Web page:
Open Streets planning goes forward despite province’s stay-at-home regulations

The current restrictions will last at least until May 20. The first Open Streets event is slated for June 19. The last will be Sept. 11.

Coun. Laura Lucier, a member of the Open Streets committee studying the details of what will be offered this summer, said the ideas being discussed still need to be examined by town administration and approved by council.

But she said some of the things that will be offered each Saturday are beginning to take shape.

The town has taken over the operation of Open Streets from the BIA and can now invite businesses outside of the downtown core to participate. Lucier said the committee is looking for many of those businesses to set up booths along Division Street, which was under-used last year. She said activities for children and stalls featuring local artists and artisans could also make use of that previously empty space.The committee is looking to Kingsville Folk Festival organizers to provide live music at the Carnegie Library property.

“First and foremost this is being done to support local businesses and to bring in tourists and local folk to support those businesses,” Lucier said.

She said the event will be a morale boost for Kingsville residents eager to enjoy the outdoor patio experience after going through their third lockdown or stay-at-home order since last March.

“I think for people in town to have something to look forward to is important — a way to get together again and hopefully be out in the community in a safe way.”

Open Streets this year will be limited to Saturdays. Coun. Tony Gaffan said that decision was made to limit any detrimental effects on downtown offices and retailers on Fridays. He said offices won’t be affected because they are open from Monday to Friday. The start time for Open Streets has also been pushed back to 4 p.m. — a time when most retailers are beginning to close.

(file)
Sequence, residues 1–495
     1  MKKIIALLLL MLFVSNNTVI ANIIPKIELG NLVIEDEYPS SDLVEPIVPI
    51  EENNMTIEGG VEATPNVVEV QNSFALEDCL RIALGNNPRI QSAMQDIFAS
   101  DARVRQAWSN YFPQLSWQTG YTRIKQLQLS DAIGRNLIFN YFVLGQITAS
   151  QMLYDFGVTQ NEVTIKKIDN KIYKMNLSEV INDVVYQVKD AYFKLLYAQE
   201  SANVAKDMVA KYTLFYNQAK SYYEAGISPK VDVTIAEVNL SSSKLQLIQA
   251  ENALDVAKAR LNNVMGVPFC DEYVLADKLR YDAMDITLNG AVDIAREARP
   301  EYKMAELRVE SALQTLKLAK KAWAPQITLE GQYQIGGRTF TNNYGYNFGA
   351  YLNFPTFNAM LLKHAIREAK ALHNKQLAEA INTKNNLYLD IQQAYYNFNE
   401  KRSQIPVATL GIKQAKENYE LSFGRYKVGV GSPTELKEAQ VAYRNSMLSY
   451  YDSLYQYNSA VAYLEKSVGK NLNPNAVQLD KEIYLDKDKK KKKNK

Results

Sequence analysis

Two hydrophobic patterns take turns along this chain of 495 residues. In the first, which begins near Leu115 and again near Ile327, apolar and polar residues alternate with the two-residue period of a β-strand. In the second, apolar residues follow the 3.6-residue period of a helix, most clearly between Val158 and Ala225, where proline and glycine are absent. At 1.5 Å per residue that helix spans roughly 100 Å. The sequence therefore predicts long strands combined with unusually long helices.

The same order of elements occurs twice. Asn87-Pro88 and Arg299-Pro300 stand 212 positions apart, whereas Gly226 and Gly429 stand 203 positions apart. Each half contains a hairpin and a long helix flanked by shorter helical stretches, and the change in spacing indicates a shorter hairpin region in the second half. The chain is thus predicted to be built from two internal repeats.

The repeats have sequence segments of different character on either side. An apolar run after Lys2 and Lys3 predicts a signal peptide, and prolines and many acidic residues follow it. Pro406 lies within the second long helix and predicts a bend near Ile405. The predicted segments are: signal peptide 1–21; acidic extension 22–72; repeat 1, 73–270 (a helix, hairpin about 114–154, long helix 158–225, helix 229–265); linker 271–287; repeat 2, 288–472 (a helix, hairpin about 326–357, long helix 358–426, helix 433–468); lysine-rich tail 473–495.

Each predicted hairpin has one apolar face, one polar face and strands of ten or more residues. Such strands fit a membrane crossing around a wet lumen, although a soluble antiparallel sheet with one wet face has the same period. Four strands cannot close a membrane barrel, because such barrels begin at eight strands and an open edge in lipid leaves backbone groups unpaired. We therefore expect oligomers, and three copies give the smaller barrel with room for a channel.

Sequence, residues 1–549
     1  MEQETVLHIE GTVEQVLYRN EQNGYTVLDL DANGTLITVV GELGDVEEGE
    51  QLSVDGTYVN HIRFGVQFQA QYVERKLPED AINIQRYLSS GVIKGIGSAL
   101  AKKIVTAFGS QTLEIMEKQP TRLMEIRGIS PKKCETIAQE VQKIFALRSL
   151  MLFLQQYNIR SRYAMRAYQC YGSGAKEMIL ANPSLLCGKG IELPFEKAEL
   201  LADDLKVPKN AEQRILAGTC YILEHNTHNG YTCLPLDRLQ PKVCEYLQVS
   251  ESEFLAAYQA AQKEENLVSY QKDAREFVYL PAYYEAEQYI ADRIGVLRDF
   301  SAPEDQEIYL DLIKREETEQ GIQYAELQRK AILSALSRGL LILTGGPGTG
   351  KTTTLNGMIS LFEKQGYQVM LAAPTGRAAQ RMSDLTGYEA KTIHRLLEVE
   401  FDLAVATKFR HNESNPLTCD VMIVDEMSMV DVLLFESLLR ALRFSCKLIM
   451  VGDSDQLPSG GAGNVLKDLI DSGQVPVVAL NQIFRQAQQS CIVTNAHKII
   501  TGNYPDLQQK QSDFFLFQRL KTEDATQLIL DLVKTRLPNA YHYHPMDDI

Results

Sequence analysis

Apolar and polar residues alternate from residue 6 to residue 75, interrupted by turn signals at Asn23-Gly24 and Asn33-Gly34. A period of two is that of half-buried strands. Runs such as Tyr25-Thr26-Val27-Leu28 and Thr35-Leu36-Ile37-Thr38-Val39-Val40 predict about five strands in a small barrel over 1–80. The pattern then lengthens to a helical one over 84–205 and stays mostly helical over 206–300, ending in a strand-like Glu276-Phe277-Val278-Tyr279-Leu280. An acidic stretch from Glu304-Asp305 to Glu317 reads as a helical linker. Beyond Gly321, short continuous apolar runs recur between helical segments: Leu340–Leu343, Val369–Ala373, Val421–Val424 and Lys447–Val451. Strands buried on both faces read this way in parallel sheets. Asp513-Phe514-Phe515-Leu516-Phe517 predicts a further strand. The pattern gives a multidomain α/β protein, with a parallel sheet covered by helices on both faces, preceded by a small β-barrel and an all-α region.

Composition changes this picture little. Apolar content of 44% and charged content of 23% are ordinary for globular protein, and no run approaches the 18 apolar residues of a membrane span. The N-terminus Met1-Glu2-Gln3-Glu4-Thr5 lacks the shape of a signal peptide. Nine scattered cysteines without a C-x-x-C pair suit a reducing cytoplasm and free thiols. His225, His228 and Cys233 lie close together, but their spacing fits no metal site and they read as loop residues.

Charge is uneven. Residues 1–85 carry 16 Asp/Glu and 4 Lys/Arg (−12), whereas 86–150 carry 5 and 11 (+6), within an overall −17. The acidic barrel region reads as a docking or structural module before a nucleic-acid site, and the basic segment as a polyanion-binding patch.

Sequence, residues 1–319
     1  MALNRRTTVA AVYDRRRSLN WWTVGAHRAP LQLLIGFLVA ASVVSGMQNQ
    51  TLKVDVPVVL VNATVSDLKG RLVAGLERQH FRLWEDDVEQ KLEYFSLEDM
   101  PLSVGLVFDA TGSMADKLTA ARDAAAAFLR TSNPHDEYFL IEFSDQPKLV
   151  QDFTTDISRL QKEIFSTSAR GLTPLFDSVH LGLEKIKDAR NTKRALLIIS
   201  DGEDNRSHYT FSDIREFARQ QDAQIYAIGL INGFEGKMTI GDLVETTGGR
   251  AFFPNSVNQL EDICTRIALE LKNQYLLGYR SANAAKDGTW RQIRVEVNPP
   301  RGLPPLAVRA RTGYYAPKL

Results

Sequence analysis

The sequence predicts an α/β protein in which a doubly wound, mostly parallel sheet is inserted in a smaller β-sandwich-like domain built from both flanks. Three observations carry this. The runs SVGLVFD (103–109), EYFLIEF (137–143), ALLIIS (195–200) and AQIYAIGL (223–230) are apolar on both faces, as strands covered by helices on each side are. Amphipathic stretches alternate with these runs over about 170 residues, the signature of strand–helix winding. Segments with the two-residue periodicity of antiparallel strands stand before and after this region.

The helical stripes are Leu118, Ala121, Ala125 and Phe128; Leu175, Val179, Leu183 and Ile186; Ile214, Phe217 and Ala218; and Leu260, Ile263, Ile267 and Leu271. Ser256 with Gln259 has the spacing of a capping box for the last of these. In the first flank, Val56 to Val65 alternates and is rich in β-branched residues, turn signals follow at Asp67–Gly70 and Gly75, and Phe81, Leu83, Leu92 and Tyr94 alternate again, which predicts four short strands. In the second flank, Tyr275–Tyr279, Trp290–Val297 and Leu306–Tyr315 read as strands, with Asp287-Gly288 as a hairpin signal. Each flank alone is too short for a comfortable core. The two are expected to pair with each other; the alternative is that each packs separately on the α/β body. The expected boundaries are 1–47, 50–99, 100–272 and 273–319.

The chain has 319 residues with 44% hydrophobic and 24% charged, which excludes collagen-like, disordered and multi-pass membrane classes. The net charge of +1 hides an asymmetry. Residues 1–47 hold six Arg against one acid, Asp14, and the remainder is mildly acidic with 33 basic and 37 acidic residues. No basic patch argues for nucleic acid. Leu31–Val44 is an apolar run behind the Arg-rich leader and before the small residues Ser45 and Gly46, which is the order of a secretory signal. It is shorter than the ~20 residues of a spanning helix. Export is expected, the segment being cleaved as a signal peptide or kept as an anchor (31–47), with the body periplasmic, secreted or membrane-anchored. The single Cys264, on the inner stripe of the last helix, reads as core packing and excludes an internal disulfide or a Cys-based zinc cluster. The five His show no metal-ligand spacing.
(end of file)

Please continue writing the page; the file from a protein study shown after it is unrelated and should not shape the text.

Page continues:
“We’re trying to maintain a happy medium,” he said.

Gaffan said Kingsville had a thriving downtown prior to COVID-19 and he hoped Open Streets would help usher in “that positive feel again.”

Gaffan and Lucier said they expect Open Streets will become a yearly event.

“It is a bummer because if COVID wasn’t here we would be able to make this a really cool event.” Lucier added: “I think this can become a wow event.”

Open Streets has a budget of $25,000 and Lucier said some of that will be used to hire security.

The event will also make heavy use of volunteers who will act as “goodwill ambassadors” to help visitors navigate the various attractions offered by Open Streets, Lucier said.

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Lucier said the pandemic will dictate what will be allowed this summer and the town must be able to “pivot” to changing circumstances. She said the town may need to push back the June 19 start date if the stay-at-home order carries past May 20.

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